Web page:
The government will inject around one trillion baht into the economy next year to cushion against any volatility that may be caused by the Omicron variant of Covid-19, Finance Minister Arkhom Termpittayapaisith said on Thursday.
He was speaking on the sidelines of the Bangkok Post International Forum 2021, held under the theme â€œUnleashing the Future: A Glimpse into 2022 and Beyondâ€.
About 600 billion baht will be drawn from state investment funds for the 2022 fiscal year, while about 300 billion baht will be taken out of state enterprisesâ€™ investment funds, he said.
The government also has another 250 billion baht left from the 500 billion baht it borrowed using the second emergency loan decree to mitigate the pandemicâ€™s impact on the economy, he said.
The government will speed up the disbursement of the funds next year, he said.
Mr Arkhom said the government is trying to maintain a balance between keeping the economy running and taking precautions to contain the spread of the virus.
In his keynote speech, Mr Arkhom said the economy is improving as the Covid-19 situation in Thailand continues to ease.
However, he said uncertainties remain in the wake of the Omicron strainâ€™s emergence, saying Thailand must remain cautiously optimistic.
The government, he said, is trying its utmost to resuscitate the economy and prepare for a post-Covid world.
He said that since last year, the economy has contracted by 6.1%, the first economic contraction in 11 years since the US subprime mortgage crisis in 2009.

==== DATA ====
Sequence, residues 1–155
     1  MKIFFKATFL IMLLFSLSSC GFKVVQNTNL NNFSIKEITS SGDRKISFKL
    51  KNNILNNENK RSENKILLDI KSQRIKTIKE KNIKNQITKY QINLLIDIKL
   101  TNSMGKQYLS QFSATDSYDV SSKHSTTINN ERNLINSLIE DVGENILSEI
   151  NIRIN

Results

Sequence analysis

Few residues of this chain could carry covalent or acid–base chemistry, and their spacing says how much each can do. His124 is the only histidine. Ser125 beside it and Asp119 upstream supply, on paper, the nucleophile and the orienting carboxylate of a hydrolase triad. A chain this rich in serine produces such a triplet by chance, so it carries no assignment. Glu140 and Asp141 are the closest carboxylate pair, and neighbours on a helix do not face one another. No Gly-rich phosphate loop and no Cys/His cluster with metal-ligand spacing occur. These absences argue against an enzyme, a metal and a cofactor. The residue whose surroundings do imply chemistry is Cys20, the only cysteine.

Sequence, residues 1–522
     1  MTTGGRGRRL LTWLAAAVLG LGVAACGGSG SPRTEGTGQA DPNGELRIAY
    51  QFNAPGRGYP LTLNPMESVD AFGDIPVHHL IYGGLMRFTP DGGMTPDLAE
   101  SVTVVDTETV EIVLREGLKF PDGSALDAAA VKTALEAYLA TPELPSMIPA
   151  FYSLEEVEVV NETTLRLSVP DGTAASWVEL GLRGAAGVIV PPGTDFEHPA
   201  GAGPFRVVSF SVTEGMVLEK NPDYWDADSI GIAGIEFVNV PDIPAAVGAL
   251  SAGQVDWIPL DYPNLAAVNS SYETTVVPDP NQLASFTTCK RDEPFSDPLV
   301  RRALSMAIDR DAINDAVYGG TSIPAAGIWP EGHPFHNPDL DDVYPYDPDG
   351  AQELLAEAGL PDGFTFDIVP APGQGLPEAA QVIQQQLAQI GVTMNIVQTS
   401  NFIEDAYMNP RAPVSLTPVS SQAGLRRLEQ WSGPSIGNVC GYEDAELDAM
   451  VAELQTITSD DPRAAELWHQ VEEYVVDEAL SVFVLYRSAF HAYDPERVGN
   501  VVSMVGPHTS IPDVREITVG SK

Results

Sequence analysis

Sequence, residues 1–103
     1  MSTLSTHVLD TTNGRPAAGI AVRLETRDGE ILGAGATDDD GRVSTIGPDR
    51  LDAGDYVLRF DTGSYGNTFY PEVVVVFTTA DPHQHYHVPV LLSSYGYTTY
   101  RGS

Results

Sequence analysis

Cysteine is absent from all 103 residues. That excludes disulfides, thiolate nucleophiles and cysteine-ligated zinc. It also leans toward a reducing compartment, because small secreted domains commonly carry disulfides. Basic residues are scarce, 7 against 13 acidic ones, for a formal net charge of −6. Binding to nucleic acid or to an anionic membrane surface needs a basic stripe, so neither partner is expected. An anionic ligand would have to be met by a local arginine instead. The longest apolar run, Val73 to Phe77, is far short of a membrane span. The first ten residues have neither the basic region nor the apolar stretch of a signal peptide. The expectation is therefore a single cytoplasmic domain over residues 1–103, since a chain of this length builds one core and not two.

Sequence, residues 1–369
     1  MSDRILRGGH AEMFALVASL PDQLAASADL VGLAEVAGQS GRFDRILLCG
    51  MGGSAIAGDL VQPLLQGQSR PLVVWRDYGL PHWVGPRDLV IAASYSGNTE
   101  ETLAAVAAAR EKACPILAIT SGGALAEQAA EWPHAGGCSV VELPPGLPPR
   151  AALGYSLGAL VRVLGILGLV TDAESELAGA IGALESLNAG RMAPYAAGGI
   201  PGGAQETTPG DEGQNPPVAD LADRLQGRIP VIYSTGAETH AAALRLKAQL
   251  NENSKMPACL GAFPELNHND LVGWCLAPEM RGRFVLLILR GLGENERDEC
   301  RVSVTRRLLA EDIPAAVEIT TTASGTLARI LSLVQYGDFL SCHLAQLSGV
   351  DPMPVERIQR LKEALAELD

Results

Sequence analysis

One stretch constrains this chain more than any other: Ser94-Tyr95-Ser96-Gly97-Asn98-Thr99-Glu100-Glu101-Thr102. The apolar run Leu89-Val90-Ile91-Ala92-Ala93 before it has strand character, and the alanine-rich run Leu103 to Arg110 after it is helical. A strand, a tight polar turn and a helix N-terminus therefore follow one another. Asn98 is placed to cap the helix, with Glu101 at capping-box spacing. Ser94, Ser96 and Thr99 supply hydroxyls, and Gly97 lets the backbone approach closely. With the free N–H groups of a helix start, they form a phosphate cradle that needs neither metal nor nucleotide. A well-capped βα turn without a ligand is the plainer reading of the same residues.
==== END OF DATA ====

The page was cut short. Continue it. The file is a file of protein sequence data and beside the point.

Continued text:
This year, the economy is showing signs of recovery, with the countryâ€™s GDP contracting only by 0.3% in the third quarter of this year, which is less than expected, he said.
The economy has been bolstered by exports and government measures aimed at boosting peopleâ€™s purchasing power and easing the rising cost of living, he said.
He expects the economy to recover and show positive growth in the fourth quarter of this year, as the Covid-19 situation in Thailand continues to ease with the national vaccination drive making substantial progress.
This enabled the government to relax its virus containment measures and reopen the country on Nov 1, he said.
This year, the minister said, the Finance Ministry forecast the economy will expand by 1%.
Next year, the economy is expected to pick up, growing by up to 4% driven by increasing foreign tourist arrivals, in turn enabled by the gradual decline in Covid-19 cases and the countryâ€™s reopening, he said.
Furthermore, exports are likely to continue growing and will be the key driver of Thailandâ€™s economic growth next year, he said.
However, there are some risks that need to be closely monitored, such as the volatile crude oil prices and the risks posed by the Omicron variant.
Thailand has learned how to manage Covid-19 from experience and the nation will be able to mitigate the impact of the new virus variant, he said.
Talking about crude oil price volatility, the minister said it is only a short-term impact from Covid-19, and the situation will ultimately improve.
Moreover, Thailand has also started to move away from fossil fuels, which reduces its exposure to price volatility, Mr Arkhom said.
To ensure Thailandâ€™s economy can recover quickly, the main focus should be on promoting inclusive growth, he said.
The government is also preparing to restructure the economy to boost Thailandâ€™s competitiveness in the global market, with a focus on growth that is more sustainable and environmentally friendly, Mr Arkhom added.
He said the governmentâ€™s approaches to economic restructuring include the promotion of the bio-circular-green economy principles, acceleration of investments in large-scale infrastructure projects, and the promotion of a digital economy and the capital market.
He said the Finance Ministry will work closely with the Bank of Thailand to ensure monetary and fiscal policies are in sync, in order to create a favourable environment for a quick economic recovery.
Accommodative economic policies are necessary to ensure a robust recovery, Mr Arkhom said.